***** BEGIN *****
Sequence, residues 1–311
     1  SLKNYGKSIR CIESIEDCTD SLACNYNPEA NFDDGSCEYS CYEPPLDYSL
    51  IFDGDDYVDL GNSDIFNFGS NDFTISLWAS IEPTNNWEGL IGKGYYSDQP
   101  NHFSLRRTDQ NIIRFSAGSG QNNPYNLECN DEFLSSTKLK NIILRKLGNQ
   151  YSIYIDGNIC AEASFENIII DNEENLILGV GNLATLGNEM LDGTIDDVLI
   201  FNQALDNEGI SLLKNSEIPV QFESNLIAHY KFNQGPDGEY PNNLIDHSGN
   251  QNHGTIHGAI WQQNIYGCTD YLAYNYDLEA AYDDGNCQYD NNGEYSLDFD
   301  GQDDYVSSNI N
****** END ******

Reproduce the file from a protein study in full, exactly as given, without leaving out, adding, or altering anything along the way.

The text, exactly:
Sequence, residues 1–311
     1  SLKNYGKSIR CIESIEDCTD SLACNYNPEA NFDDGSCEYS CYEPPLDYSL
    51  IFDGDDYVDL GNSDIFNFGS NDFTISLWAS IEPTNNWEGL IGKGYYSDQP
   101  NHFSLRRTDQ NIIRFSAGSG QNNPYNLECN DEFLSSTKLK NIILRKLGNQ
   151  YSIYIDGNIC AEASFENIII DNEENLILGV GNLATLGNEM LDGTIDDVLI
   201  FNQALDNEGI SLLKNSEIPV QFESNLIAHY KFNQGPDGEY PNNLIDHSGN
   251  QNHGTIHGAI WQQNIYGCTD YLAYNYDLEA AYDDGNCQYD NNGEYSLDFD
   301  GQDDYVSSNI N